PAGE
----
Tuesday 12 December 2017

O'Neill: Next year can be even better for Northern Ireland

For O’Neill this year has been the greatest of his footballing life. Photo by Charles McQuillan/Getty Images
For O’Neill this year has been the greatest of his footballing life. Photo by Charles McQuillan/Getty Images

Steven Beacom

If you thought 2015 was good, wait until you see next year. That's the message from Northern Ireland manager Michael O'Neill ahead of the Euro 2016 finals.

For the first time in 30 years Northern Ireland supporters will eat their Christmas turkey in the knowledge they have a major tournament to enjoy.

Thousands will make the journey to France to roar on O'Neill's side, who qualified as table toppers, losing only one of their 10 matches.

Making their debut at the European Championships, Northern Ireland will play Poland, Ukraine and World Champions Germany, with O'Neill believing his players can reach the knockout stages.

For O'Neill this year has been the greatest of his footballing life - and over his career, he played at the highest levels in England and Scotland as well as for Northern Ireland and managed Shamrock Rovers to domestic glory and a record breaking run in Europe.

"It has been the best year. You do feel it more as a manager than as a player. The defeats are a lot harder to take as a manager than as a player, although in success there's a lot more to enjoy," said O'Neill, who was named Manager of the Year at both RTE and BBC Sports awards last weekend.

Luxury

"Probably more so for me because the players have to go back to their clubs and re-focus. I've had the luxury of enjoying qualification since October and I'm planning ahead as well.

"It's been a memorable year - not just in the campaign, there have been a lot of positives, such as the emergence of some of the players.

"The award on Sunday was fantastic as well, it's great to get that level of recognition and that level of support."

O'Neill's preparations for next year are well underway. He has chosen Lyon as the team's base in France and is already analysing influential opponents his team will face in the Euro finals. He is plotting his way to further success and will use friendly games before the tournament to perfect certain tactics and formations.

"Hopefully we will deliver more of the same and even better in 2016," he said. "That has to be the aim. When we get to the finals we want to be in as strong a place as possible.

"We don't want to lose all that momentum because it's taken us a long time to get it. The friendly games in March and June are very important, to continue winning games and to see players continue to emerge because that's the only way we'll get stronger.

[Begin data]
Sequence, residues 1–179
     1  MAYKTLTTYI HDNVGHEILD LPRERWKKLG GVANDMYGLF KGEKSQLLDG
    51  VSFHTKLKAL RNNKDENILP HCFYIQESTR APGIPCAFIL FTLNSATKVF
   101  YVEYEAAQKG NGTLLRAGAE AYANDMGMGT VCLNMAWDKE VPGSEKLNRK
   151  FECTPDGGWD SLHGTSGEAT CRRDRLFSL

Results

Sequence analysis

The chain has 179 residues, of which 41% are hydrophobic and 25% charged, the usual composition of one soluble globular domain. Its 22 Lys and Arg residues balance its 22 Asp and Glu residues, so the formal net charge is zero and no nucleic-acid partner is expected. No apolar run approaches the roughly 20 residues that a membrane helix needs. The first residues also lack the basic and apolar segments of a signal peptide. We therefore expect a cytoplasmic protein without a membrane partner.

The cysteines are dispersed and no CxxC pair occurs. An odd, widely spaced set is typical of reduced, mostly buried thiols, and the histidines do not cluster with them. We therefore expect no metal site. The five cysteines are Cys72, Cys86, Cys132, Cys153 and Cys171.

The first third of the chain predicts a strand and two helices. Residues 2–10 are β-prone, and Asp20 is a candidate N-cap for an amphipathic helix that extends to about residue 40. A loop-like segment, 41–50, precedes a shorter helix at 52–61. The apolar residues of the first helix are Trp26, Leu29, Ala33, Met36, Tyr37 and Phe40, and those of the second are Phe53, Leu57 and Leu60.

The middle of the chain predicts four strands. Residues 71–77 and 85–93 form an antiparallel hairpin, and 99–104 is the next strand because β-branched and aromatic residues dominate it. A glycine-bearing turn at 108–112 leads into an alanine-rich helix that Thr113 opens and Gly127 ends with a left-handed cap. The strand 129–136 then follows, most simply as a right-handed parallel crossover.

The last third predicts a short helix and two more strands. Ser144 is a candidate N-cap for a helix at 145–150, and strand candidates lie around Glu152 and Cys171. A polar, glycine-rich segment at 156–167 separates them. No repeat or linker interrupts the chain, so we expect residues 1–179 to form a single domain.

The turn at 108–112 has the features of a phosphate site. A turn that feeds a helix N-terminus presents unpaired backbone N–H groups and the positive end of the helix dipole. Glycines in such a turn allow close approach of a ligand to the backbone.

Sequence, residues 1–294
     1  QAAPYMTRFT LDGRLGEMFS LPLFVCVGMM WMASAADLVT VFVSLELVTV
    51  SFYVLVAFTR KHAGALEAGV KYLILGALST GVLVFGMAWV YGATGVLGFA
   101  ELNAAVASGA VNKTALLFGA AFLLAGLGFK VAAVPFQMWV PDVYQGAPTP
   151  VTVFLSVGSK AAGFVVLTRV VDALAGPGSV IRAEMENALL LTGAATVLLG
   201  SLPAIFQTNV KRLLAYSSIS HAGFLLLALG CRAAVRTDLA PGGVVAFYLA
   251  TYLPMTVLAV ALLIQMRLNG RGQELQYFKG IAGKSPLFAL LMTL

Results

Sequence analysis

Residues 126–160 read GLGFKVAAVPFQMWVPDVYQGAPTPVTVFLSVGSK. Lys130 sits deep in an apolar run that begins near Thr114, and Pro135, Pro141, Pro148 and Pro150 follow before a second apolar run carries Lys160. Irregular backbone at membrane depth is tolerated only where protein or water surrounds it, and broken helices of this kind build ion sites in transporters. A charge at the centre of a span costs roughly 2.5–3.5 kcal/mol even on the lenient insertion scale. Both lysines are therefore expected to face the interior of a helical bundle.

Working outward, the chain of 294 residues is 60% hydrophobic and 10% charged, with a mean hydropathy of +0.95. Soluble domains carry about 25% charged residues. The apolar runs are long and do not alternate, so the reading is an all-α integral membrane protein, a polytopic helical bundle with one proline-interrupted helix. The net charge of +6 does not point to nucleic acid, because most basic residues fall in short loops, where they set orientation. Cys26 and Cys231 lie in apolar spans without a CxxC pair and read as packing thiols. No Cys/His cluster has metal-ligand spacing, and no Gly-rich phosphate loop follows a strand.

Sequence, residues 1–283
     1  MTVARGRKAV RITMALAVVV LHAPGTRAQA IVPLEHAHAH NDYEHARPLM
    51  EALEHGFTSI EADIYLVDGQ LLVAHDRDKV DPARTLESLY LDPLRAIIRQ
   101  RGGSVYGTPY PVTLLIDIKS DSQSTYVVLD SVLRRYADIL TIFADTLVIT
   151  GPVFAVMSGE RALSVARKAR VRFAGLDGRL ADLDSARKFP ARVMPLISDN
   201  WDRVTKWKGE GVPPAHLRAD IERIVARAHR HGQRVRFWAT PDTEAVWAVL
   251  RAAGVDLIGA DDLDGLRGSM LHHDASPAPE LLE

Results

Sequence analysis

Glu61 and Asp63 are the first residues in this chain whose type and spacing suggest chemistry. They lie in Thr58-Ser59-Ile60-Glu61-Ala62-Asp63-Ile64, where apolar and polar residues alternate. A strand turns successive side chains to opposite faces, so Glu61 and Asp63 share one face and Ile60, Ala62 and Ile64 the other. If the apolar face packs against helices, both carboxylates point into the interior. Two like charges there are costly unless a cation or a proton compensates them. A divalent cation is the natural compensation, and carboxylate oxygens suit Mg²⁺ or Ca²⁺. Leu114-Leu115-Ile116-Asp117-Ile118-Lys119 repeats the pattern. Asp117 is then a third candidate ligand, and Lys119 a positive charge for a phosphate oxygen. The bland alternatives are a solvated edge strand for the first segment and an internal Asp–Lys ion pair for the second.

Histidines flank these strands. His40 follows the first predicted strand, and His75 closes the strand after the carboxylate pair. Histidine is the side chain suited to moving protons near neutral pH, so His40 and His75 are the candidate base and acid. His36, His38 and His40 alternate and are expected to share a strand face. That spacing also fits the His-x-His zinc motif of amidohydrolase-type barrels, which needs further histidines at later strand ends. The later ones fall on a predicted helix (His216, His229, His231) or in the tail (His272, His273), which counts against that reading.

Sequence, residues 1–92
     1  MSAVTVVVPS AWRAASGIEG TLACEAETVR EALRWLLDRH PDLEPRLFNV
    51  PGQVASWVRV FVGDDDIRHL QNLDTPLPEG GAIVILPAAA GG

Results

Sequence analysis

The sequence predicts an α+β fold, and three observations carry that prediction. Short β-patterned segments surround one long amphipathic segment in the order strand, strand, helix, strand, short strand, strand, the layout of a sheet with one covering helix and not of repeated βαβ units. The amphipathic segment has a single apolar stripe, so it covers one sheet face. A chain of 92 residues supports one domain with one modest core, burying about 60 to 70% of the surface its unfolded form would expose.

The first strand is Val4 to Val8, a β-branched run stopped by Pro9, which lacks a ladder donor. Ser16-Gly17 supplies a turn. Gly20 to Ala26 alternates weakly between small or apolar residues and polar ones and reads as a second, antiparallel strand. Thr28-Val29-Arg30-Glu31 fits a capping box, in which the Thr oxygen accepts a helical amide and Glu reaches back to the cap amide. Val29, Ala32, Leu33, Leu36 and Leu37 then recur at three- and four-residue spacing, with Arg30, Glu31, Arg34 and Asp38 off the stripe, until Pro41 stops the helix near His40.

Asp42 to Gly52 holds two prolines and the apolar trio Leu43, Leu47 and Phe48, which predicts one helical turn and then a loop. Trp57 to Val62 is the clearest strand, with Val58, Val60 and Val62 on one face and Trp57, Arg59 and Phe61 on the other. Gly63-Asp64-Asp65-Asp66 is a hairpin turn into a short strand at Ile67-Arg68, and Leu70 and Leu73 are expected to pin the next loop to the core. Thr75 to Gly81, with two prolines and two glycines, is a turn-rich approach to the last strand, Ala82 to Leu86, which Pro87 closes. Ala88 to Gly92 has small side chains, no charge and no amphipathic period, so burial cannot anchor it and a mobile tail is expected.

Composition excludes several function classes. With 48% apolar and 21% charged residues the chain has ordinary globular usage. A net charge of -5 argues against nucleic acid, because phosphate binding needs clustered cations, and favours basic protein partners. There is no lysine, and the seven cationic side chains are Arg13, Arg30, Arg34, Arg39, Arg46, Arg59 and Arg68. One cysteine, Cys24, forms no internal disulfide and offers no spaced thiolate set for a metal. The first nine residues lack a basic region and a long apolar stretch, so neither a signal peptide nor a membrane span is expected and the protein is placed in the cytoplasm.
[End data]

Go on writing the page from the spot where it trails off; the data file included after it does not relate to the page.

"I do believe we can reach the last 16 in France. I have looked closely at Poland and Ukraine, who we play in our first two games.

"From qualifying I looked at Poland's results versus Scotland and the Republic as there is a level of comparison there and Ukraine reached the finals via the play-offs.

"I think with the tournament giving four third-placed teams the opportunity to qualify, it gives us a real chance and I feel four points will put us in a strong position. It's how you get those four points, but I'm very much looking at that first game against Poland as key.

"We'll have a team that will go to the finals and give a really good account of themselves. Then we can move forward with optimism to the 2018 World Cup qualifying campaign, which starts in September, because we really want to do well there as well."

Experience

O'Neill tends to name 25 or 26-man squads, but for Euro 2016 he can only take 23. The Northern Ireland boss, who in addition to the 23 will bring along a few youngsters for the experience, insists he will have no problems leaving anyone at home.

"At the end of the day the players who have done amazingly well in getting us to France will be on the plane if they are fit and well. Most people could pick 18 to 20 of the players that I will be taking," said the ex-Newcastle and Dundee United midfielder.

"The other places will be based on how players are doing with their clubs."

O'Neill has confirmed that he will agree a four-year deal in the new year and that there will be stipulations written into the terms to benefit both parties.

"We're well down the line. Discussions have been very positive to date," he said. "I don't envisage everything being signed and sealed before Christmas but we haven't hit any stumbling blocks yet.

"I'm positive about it. With any contract, it's a long-term commitment, it has to be right.

"It's not a two-year deal, it will be a four-year deal. It has to be right for me first of all, and for the Association as well. It's just about making sure that both parties get what they want out of it and making sure that there's protection on both sides is key."

Irish Independent

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